So who owns a political party? The members who join for a few pounds a year with hardly any checks on their past conduct or opinions, Members of Parliament elected by their constituents under their party’s banner, or the leadership of the party, partly elected by the members and MPs and partly selected by the elected leader?

All this is coming into focus as we witness the slow motion car crash that has enveloped the Labour Party. Political commentators are fond of writing about splits in political parties – wets versus dries under Margaret Thatcher’s reign in the Tory Party; modernisers versus traditionalists under David Cameron; Brownites versus Blairites in Labour ranks.

But Jeremy Corbyn’s Labour Party is not split. It is disintegrating.

The heart of the battle is not, as is usual, being fought out at a parliamentary level. This is not fundamentally a division among Labour MPs. It is far more fundamental than that. This is a war between the Parliamentary Labour Party, numbering 231 MPs, and the membership numbering 400,000. And, unlike Labour leaders before him such as Blair and Kinnock, the bearded Trot supposedly in charge has decided to side with the members.

The ostensible issue may be whether or not Parliament backs air strikes against the so-called Islamic State in Syria, with a vote expected this week. But the real issue is who decides the policy of Her Majesty’s Opposition. Or, indeed, does this Opposition – under the British constitution a government in waiting – have a policy?

As things stand, Labour does not have a policy, though clearly Corbyn is trying to reach over the heads of his MPs and appeal to the members to pressurise Parliamentarians into following his anti-bombing line. The Shadow Cabinet, normally the policy-making body of the party, is in limbo. Most of its members favour air-strikes, the Leader does not, so no decision has yet been arrived at. The Shadow Cabinet is due to resume its deliberations today.

If, as expected, the Shadow Cabinet and Corbyn agree to differ and allow Labour MPs a free vote, the party will have effectively opted out of its constitutional duty to provide a coherent alternative to the government of the day – or indeed endorse a proposal to go to war against Islamic State in Syria. If Corbyn imposes a three–line whip, as he would like to do in line with the wishes of his membership, then there will be mass resignations from the frontbench and outright chaos in Labour ranks.

It is self-evident that under Corbyn, Labour is unelectable. His 1970s’ agit-prop views on just about everything – the economy, national security and the fight against terrorism, and foreign policy, where he is deeply at odds with the West’s view of the world – mean that he could never win a UK general election. Insurrection in the streets is his only plausible path to power, as he is likely to be reminded this week by the voters in the Oldham by-election.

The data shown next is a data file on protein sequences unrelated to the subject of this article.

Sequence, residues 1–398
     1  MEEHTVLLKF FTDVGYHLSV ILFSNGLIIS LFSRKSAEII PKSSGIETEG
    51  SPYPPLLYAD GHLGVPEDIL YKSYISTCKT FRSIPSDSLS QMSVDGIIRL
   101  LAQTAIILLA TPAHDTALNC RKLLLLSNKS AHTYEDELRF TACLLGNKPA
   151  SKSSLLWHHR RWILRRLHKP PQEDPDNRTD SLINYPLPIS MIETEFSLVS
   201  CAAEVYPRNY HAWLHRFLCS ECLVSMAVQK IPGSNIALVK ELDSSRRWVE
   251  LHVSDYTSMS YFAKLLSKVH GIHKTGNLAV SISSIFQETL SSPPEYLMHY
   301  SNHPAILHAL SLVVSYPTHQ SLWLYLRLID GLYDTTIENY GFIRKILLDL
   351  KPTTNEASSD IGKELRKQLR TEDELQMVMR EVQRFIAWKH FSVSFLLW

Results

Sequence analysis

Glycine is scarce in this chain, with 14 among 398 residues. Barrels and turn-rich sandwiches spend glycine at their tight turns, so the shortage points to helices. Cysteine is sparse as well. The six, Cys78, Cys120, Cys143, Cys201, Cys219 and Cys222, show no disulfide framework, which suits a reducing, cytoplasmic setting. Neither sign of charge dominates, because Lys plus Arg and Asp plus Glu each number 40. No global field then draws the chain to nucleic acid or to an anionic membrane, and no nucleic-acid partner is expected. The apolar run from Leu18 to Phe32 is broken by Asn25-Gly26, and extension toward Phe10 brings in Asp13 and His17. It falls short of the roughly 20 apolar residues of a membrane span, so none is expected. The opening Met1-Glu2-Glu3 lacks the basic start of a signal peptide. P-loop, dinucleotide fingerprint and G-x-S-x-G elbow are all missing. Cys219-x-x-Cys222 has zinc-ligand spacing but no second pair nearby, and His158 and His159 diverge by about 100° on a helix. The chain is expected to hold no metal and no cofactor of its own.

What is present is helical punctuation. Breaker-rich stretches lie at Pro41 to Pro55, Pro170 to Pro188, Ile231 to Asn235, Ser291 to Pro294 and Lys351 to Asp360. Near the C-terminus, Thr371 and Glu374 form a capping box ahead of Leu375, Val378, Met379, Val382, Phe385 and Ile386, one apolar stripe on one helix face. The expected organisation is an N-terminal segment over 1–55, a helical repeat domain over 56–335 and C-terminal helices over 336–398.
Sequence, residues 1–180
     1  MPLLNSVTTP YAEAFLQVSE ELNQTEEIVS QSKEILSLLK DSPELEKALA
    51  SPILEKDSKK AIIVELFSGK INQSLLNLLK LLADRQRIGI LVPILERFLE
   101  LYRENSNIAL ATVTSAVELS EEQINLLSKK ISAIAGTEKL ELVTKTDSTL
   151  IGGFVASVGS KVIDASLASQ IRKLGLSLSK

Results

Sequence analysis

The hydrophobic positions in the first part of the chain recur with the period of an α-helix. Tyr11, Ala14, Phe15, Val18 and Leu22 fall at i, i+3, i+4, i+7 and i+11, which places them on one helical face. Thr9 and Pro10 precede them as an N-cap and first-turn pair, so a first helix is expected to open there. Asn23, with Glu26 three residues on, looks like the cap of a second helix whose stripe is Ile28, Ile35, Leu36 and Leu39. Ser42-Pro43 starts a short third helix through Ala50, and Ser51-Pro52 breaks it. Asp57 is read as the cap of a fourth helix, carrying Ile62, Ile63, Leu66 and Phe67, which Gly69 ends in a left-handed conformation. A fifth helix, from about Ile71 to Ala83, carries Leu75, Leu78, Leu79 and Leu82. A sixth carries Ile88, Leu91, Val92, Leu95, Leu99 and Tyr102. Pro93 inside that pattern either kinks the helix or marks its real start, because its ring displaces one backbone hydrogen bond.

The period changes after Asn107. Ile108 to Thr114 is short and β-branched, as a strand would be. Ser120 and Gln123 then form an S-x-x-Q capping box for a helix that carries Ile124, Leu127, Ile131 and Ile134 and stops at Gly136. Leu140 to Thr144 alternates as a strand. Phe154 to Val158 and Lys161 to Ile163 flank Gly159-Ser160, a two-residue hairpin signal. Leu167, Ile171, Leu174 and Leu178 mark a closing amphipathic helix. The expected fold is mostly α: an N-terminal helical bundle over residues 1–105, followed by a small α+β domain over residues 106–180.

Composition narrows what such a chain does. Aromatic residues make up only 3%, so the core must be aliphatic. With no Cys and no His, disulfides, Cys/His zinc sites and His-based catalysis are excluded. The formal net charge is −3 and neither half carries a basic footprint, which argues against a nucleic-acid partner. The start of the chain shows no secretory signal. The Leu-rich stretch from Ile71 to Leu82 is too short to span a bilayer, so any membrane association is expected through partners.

But the real problem of Corbyn’s illegitimacy as Labour Leader goes much deeper. He enjoys the active support of only about a tenth of his MPs. It is impossible for him to lead the Labour Party when he is in a state of perpetual warfare with his own parliamentary party – because it is Parliament, not the branch meetings of a handful of loopy Labour activists nor on Stop the War demos, where the future of the country is decided.

To come back to the question of ownership. Labour MPs, who enjoy a mandate from 9 million people, not Corbyn’s ragtag army of hard-left misfits, “own” the Labour Party. And it is about time they lived up to this responsibility.

Already there is talk of a parliamentary coup against the Labour Leader. MPs could pass a motion of no confidence in him and press for his resignation, electing in his place someone, perhaps Hilary Benn, with a more credible claim to represent the views of Labour voters and – by extension – the public at large. The membership would have to be cut out of the contest. Legal battles would almost certainly ensue. But with Labour hijacked by the hard left, power has to be wrested away from the membership of the party.

Alternatively, Labour MPs could form a breakaway group at Westminster, with their own leader and shadow cabinet, sideline Corbyn and his few supporters in Parliament, and fight to reclaim their party.

In a parliamentary democracy, it is plainly undemocratic for power to reside among 400,000 activists, many of whom are about as in touch with modern Britain as the planet Zog, and not the 9 million people who elected the 231 MPs currently flying the Labour flag in the Commons.

Nor should the Conservatives be too smug. Their system of electing a Leader, while giving MPs the power to narrow the field to just two candidates with party members making the final choice, is also open to producing a fissiparous result in which the party Leader does not command the confidence of the vast majority of his parliamentary colleagues.

All eyes will be on the Syria vote this week, assuming Cameron calls it. But an even more momentous tussle takes place in Oldham on Thursday where Ukip is making big inroads into a 15,000 majority in a Labour heartland seat. If that falls or the Labour majority is slashed to a couple of thousand, Labour MPs will really have to do some serious thinking.

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